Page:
- Repeating code over and over again, via a construct known as a loop, is also a fairly common scenario in programming. Python provides a couple of ways of doing that, which we're going to take a look at now. So in your editor open up loops_start.pui And you can see that I've got a stubbed out function here named main and a variable named x, which I'm initializing to zero. So, let's start by taking a look at the while loop. To write a while loop, I use the keyword while, and then I give it a condition.
So, I'll write while x is less than five and then my colon. And again you can see that the code is being indented under the colon there. And I'll write print x and then x equals x plus one. A while loop executes a block of code while a particular condition evaluates true. So, while x is less than five, we're going to print the value of x, and then we're going to increment x by one. Some languages, like C, provide a whole bunch of ways of doing loops.
Python likes to keep things simple. It's only got two ways of doing loops, while and for. And we'll get to for in a moment. So, let's run this. I'll go to the debug tab and click run. And you can see that x starts out as zero, so it prints zero, one, two, three, and four, and then it increments to five, the condition in the loop is no longer true, and so the loop terminates. Alright, so now let's try a for loop. So, I'll write for x in range five comma 10.
What you have is this loop counter variable that's controlling the execution of the for loop. So Python works a little bit differently. Python's for loops are what are called iterators. In this case, I want to have x loop over a range of numbers. I used the range function to give me that range of numbers. So, I've got a range going from five to 10, and I'm going to print x each time. So it's probably easier to understand this once you've seen it in action.
So, let's go ahead and save, and then I will run this. And here in the output window you can see that the results are five, six, seven, eight, and then nine. And ten is not inclusive in the range. So, the range starts at this number, and then stops just short of this one. So, it prints out five through nine. But for loops operate over sets of things, not just numbers. So, let's try something a little bit different.
So let's supposed I had a array names including Monday, Tuesday, Wednesday... So, just the days of the week. I could do something like for d in days and then print d. Now, obviously this has nothing to do with numbers. In this case, my for loop is iterating over each element in the days list. And in each iteration d will be set to the current item that it's looking at that time through the loop.
So, if I save and run this, you can see in the output that it's printing out Monday, Tuesday, Wednesday, and so on. So, it's looping over the contents of the list. So, now let's take a look at using the break and continue statements. Comment out some of the previous ones. Alright, so now I'll create a for loop that says for x in range, and once again we'll use five to 10. And I'll write if is equal to seven, then break, otherwise print x.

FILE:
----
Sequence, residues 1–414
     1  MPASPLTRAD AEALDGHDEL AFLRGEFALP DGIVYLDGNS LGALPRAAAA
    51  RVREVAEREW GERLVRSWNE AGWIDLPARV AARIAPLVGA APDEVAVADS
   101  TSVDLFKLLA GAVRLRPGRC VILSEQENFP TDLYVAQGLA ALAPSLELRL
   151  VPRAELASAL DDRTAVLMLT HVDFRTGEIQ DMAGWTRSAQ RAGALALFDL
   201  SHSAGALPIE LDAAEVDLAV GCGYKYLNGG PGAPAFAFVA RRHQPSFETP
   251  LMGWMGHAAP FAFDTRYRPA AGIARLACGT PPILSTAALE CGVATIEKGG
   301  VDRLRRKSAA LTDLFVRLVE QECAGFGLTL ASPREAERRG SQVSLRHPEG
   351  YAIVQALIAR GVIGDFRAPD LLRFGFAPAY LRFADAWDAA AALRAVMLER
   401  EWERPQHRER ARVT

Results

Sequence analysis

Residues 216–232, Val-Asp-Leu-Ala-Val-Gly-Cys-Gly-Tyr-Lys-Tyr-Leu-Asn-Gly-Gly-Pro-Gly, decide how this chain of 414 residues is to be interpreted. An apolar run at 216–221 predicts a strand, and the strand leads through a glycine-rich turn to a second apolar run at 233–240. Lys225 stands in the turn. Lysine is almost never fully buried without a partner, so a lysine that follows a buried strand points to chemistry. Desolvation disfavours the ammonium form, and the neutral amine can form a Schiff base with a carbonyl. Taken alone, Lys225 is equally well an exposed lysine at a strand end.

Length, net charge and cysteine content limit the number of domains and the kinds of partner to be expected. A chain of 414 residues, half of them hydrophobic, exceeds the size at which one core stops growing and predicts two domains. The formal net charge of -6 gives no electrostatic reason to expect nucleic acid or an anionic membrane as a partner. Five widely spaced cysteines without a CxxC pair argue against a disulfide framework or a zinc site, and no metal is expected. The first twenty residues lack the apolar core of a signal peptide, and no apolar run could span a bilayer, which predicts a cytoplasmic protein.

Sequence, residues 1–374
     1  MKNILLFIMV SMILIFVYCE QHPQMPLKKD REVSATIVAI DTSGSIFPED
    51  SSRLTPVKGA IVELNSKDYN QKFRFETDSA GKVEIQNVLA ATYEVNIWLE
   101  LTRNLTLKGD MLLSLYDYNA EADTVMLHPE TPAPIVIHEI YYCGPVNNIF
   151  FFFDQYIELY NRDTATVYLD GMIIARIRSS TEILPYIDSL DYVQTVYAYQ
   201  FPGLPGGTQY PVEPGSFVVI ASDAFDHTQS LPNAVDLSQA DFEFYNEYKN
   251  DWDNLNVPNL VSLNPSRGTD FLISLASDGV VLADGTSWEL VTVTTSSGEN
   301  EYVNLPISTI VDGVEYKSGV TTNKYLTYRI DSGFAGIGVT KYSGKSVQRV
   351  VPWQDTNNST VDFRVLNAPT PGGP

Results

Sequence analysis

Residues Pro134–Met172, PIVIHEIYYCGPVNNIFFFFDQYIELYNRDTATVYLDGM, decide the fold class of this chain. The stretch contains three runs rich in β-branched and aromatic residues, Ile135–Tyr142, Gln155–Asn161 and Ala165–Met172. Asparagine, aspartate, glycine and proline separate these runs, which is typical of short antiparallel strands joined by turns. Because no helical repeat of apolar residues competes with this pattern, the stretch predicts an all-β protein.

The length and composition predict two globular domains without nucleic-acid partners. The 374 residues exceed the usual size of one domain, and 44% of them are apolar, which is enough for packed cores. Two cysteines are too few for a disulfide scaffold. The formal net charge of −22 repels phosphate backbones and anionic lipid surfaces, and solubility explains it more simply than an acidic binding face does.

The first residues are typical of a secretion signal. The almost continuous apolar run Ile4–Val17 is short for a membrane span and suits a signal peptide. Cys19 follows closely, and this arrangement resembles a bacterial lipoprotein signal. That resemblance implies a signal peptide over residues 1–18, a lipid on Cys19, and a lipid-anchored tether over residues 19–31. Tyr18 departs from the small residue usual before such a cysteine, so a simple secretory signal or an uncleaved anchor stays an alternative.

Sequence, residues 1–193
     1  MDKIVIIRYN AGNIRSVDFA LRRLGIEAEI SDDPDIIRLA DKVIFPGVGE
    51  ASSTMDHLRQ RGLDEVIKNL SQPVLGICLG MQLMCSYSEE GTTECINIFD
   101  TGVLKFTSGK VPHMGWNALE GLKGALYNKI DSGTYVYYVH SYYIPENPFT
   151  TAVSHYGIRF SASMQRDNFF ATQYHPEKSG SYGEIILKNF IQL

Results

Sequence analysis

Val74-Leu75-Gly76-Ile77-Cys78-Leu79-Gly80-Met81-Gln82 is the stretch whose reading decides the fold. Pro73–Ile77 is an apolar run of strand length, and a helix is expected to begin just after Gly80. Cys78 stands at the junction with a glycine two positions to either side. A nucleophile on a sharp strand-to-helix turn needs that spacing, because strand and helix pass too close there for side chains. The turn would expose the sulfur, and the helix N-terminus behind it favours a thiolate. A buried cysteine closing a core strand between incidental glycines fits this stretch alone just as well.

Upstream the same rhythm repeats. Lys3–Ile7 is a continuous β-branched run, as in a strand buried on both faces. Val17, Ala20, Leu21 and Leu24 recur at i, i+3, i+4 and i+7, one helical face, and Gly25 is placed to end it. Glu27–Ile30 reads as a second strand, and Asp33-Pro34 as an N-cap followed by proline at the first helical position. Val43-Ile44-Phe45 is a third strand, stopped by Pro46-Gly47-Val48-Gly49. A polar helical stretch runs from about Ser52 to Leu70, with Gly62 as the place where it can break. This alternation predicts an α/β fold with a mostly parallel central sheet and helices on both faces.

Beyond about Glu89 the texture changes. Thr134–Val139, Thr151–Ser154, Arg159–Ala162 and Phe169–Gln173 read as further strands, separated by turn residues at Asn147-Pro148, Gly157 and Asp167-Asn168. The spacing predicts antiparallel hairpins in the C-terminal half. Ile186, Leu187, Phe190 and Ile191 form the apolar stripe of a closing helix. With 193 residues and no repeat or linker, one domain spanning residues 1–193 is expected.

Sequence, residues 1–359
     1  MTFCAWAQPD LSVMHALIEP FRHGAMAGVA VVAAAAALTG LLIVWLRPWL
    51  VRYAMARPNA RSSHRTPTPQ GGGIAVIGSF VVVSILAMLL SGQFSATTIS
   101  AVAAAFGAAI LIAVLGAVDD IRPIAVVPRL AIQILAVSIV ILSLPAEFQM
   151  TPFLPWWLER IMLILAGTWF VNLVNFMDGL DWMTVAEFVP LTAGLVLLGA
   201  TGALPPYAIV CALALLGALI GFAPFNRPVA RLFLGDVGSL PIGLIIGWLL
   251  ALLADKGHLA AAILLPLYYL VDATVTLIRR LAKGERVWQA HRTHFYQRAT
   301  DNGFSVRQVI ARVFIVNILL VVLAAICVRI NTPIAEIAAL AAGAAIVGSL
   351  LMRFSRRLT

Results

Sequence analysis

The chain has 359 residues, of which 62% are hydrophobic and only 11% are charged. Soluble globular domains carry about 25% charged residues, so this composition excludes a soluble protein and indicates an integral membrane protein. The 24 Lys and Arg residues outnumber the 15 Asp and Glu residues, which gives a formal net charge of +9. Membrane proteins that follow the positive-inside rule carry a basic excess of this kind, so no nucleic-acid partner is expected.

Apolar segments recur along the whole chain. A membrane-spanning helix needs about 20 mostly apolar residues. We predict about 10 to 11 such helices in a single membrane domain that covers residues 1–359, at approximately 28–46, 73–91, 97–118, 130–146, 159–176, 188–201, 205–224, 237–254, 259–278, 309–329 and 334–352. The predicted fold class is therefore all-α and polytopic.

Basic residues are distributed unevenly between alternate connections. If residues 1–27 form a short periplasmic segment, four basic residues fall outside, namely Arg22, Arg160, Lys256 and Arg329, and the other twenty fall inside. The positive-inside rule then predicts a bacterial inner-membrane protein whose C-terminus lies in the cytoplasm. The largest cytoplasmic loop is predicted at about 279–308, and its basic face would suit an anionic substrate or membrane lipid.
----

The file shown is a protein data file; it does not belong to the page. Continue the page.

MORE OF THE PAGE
So this is the same for loop we saw earlier, when we had x in the range of five to 10, but now we're going to do a couple different things. First, let's look at the break statement. The break statement is used to break the execution of a loop, if a condition is met. So, what I'm doing here is saying if x is equal to seven, then break. The break statement will cause this for loop to terminate and fall through to the next block of code. In this case that's the end of the function. There's nothing else to execute. So, we'll save, and run.
And you can see that what's happening is it prints five and six, and then gets to seven, and then the break statement kicks in and causes the loop to terminate. So, it never gets to seven, eight, nine. Alright, so now let's look at the continue statement. The continue statement skips the rest of the loop, for that particular iteration. So, I'm going to comment out this. And I'm going to write if x modulo two is equal to zero, then continue.
Take x, divide it by two, and if the value left over is zero, then continue. Continue basically means skip the rest of the execution of this loop. So, just go back up to the top of the loop, and start with the next value. So, don't do this statement right here that's in the loop. Let's go ahead and save and run this. And you can see that six and eight were skipped, because those are even numbers and my loop only printed out five, seven, and nine.
Well, you can get one if you really need it. Let me add the code here. I'll write for i comma d in days, but I'm going to put the word days inside an enumerate function. The enumerate function will iterate over this collection like loop normally would, but in addition to returning the value of the item being looked at, it also returns a value that is the index of the item in question. This function is going to return two values. It's going to return the index of the member of the collection that we're looking at, as well as the actual member of the collection.
And so I'm going to print something a little bit differently this time. So, I'm going to print i comma d alright? Then I'll save. Alright, so let's go ahead and run this. And now you can see I'm printing out both the index counter variable, as well as the member of the array. So, I'm getting zero and Monday, one and Tuesday, and so on. Alright, that's a brief look at loops in Python.
- Installing Python
- Choosing an editor or IDE
- Working with variables and expressions
- Writing loops
- Using the date, time, and datetime classes
- Reading and writing files
- Fetching internet data
- Parsing and processing HTML